It seems to have been born in me to perform before an audience. My mother loved to tell the story of one Easter when I was about three years old. I, like all the other Sunday School kids, had my Easter speech to say. Dressed in my frilly Easter dress – outfit complete with hat, gloves, lace socks, and white patent Mary Janes – I was ready for my big moment. As the pastor’s daughter, I somehow knew all eyes would be especially on me to see if I could get it right.
One kid before me stumbled over his words; another could hardly be heard. Yet another little girl just dissolved into tears. Then it was my turn. I recited my two-liner like a pro, without a mistake. The congregation applauded. “Hey,” my little brain must have thought, “I like that.” So I began to ad lib. I struck into a full chorus, choreography and all, of the Hokey Pokey. My mother was mortified but I was quite pleased with myself. I had stolen the show and my performance was the talk of that Easter Sunday.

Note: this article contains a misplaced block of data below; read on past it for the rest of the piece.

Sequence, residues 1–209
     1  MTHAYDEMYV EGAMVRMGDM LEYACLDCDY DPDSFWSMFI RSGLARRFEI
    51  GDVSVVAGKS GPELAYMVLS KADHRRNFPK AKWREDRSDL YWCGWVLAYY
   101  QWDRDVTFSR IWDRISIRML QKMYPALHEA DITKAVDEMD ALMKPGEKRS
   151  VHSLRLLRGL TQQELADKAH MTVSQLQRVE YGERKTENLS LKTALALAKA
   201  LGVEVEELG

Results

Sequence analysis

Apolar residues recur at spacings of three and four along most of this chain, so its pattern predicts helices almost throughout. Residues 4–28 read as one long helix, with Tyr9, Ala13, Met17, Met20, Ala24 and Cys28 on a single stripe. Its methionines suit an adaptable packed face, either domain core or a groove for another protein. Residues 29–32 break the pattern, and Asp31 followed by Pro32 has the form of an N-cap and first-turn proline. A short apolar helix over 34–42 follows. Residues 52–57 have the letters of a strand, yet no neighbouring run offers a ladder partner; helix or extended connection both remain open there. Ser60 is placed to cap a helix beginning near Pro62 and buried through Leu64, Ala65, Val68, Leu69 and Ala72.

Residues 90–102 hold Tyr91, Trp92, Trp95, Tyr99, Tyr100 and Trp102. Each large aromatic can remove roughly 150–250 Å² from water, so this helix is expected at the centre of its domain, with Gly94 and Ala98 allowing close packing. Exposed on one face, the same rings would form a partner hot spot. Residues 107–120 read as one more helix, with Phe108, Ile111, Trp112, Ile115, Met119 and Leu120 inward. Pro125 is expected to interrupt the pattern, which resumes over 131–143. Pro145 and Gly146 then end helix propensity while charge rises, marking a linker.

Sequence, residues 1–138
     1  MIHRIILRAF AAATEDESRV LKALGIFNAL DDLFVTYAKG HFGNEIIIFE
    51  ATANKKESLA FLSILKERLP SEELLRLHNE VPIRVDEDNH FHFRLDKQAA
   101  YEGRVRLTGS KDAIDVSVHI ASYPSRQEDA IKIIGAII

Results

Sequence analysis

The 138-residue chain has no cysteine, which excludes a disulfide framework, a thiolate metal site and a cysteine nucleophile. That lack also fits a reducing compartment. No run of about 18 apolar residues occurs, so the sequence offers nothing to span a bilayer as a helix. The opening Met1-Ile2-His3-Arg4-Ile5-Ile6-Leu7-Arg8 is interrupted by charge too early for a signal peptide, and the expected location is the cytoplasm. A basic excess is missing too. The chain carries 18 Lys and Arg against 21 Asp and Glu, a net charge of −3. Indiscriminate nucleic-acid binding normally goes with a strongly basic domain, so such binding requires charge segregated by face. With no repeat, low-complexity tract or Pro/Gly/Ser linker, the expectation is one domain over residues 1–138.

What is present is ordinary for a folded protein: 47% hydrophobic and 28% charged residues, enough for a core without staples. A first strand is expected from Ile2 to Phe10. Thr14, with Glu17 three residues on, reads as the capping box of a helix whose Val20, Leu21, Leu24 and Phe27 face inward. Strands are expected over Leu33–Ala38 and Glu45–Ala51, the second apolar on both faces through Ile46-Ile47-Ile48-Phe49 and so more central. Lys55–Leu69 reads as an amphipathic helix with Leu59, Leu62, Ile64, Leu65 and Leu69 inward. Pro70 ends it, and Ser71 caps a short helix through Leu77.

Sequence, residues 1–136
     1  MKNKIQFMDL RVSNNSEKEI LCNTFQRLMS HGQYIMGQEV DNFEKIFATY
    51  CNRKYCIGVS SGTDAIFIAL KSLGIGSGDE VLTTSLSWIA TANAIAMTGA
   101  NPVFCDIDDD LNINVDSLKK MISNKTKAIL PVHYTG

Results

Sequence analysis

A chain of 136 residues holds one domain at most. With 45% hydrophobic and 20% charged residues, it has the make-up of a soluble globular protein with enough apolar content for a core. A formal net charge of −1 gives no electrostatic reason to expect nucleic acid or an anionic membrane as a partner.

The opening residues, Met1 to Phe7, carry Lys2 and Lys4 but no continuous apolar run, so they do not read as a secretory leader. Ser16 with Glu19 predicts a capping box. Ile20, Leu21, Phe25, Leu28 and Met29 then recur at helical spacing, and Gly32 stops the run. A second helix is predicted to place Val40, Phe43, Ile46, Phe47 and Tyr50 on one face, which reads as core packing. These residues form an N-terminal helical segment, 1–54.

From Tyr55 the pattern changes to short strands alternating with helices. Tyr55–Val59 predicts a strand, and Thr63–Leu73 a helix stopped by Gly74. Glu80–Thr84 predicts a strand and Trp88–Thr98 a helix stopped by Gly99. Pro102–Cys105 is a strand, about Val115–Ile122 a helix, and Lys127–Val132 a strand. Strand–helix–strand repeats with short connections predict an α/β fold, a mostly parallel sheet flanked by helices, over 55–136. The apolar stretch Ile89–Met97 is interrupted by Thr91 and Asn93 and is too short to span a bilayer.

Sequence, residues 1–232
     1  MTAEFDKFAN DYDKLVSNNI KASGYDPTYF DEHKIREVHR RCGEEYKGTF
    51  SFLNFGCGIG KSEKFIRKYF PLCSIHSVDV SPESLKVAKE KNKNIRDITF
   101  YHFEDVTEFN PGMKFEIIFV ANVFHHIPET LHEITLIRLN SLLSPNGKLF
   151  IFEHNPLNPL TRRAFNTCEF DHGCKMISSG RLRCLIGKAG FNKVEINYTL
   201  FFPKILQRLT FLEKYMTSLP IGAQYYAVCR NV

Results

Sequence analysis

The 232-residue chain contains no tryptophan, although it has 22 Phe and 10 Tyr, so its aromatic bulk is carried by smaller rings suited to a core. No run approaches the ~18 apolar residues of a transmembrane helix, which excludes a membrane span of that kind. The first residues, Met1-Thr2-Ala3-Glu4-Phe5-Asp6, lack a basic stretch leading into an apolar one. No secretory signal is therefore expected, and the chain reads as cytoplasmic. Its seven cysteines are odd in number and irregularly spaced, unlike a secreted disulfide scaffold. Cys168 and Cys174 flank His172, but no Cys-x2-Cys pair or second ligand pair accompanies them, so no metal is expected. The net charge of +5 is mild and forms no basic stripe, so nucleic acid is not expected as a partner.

But I wasn’t supposed to be the star of Easter Sunday.
As I read Isaiah 58:13-14, I shuddered to think of how many other times I had sought to allow my performance to overshadow the message I was assigned to deliver. Those verses say, “If you turn away your foot from the Sabbath, from doing your pleasure on My holy day, and call the Sabbath a delight, the holy day of the LORD honorable, and shall honor Him, not doing your own ways, nor finding your own pleasure, nor speaking your own words, then you shall delight yourself in the LORD; and I will cause you to ride on the high hills of the earth, and feed you with the heritage of Jacob your father. The mouth of the LORD has spoken.” (NKJ)
This truth is applicable to us, whether we’re in front of an audience, living before an unsaved husband, training children, or working in an office. How much of His message is overshadowed by our performance? When people walk away from an encounter with us, do they remember us, or do they remember Him? As the passage above states, we honor God by not doing our own ways, finding our own pleasure, nor speaking our own words.
Let Him be the star today.
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